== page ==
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Our blood is red because of the substance, haemoglobin, which is contained in our red blood cells (red corpuscles). The function of these specialised cells is to carry oxygen from our lungs to wherever it is needed in the body. They are formed in our bone marrow and the haemoglobin in them, which is made of iron and protein, becomes redder as it picks up oxygen. It loses this colour as it deposits oxygen in other cells and picks up carbon dioxide to carry back to the lungs, which is why some of the blood vessels in our hands and arms appear blue through our skin.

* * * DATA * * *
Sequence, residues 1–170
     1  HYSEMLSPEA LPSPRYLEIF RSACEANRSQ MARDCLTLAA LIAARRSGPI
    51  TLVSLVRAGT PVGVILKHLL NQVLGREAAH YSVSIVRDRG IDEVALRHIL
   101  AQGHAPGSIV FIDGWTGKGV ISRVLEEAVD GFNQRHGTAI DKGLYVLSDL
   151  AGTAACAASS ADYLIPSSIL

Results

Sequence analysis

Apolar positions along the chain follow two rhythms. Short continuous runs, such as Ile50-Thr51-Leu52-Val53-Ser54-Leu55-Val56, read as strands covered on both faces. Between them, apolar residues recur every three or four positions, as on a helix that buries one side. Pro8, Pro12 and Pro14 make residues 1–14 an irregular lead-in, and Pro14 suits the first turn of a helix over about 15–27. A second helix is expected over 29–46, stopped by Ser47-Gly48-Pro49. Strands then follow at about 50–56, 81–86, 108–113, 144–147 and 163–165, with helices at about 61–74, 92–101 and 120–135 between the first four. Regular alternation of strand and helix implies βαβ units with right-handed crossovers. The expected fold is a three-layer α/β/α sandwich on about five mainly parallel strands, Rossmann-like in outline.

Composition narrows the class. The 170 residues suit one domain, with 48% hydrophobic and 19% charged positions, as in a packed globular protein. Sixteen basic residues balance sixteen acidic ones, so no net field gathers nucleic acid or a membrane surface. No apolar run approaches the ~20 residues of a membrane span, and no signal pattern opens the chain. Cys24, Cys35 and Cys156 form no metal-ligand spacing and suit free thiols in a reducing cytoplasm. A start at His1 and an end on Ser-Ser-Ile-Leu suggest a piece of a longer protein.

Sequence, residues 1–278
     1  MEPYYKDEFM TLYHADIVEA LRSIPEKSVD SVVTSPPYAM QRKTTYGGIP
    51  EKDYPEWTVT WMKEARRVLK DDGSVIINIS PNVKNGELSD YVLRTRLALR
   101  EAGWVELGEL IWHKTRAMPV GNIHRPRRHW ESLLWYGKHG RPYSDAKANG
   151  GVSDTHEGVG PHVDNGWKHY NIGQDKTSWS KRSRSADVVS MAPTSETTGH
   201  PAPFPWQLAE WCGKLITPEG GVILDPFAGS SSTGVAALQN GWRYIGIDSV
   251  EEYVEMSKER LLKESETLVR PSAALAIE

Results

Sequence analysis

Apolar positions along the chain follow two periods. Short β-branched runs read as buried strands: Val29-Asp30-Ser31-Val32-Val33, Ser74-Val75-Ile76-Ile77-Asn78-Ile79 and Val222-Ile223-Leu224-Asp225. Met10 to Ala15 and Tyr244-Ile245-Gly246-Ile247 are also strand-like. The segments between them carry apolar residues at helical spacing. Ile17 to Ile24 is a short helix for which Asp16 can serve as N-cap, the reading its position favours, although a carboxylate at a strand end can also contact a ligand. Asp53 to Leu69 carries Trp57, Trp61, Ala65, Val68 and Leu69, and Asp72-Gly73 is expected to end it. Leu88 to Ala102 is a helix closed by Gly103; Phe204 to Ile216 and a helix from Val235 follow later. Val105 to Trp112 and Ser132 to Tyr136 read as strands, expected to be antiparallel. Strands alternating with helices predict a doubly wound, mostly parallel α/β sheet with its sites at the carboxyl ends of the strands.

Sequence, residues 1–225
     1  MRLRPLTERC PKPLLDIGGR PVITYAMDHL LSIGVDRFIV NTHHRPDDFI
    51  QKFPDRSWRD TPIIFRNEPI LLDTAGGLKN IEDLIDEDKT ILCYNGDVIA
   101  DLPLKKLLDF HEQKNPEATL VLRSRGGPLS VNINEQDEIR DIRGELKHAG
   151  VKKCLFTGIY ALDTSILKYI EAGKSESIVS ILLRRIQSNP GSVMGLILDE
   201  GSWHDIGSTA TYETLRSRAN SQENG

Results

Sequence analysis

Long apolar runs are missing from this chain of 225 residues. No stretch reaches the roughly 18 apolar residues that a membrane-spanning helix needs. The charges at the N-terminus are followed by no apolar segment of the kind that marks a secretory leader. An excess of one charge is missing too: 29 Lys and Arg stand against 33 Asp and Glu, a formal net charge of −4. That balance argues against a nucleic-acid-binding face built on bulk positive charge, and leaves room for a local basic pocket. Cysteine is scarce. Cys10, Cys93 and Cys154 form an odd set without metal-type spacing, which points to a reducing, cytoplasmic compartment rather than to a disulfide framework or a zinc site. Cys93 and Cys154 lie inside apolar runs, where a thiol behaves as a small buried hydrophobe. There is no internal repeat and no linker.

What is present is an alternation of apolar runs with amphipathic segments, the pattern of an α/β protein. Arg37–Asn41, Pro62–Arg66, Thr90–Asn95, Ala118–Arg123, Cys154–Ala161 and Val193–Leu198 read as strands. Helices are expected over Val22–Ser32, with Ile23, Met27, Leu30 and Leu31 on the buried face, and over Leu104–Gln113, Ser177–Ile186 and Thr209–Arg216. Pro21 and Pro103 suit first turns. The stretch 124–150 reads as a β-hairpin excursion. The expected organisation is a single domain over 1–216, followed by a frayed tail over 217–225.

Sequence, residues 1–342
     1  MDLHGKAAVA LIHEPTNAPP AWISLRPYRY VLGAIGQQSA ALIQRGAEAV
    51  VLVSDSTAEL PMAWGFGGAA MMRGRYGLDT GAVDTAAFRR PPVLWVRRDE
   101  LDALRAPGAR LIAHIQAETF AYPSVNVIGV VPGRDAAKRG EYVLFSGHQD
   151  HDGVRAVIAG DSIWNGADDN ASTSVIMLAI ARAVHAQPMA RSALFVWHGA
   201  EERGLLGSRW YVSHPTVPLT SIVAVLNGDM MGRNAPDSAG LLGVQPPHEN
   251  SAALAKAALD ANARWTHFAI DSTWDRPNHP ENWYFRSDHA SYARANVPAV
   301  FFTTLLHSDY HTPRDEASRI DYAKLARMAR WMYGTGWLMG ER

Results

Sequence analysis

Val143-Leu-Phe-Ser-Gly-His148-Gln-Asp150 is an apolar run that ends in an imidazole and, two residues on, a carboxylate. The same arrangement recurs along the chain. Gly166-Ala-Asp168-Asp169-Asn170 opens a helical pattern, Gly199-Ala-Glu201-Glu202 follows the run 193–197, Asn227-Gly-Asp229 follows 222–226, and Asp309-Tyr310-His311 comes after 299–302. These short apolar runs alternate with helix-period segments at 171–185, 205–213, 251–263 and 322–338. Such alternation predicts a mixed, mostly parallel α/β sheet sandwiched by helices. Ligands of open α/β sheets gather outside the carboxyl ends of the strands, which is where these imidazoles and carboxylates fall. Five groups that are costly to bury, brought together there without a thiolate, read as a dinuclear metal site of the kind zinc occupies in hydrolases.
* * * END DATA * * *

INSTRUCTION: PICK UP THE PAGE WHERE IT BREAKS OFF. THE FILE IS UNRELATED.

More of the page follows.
Teachers expect more attractive children to perform well, leading to more attention, less punishment, and better grades.
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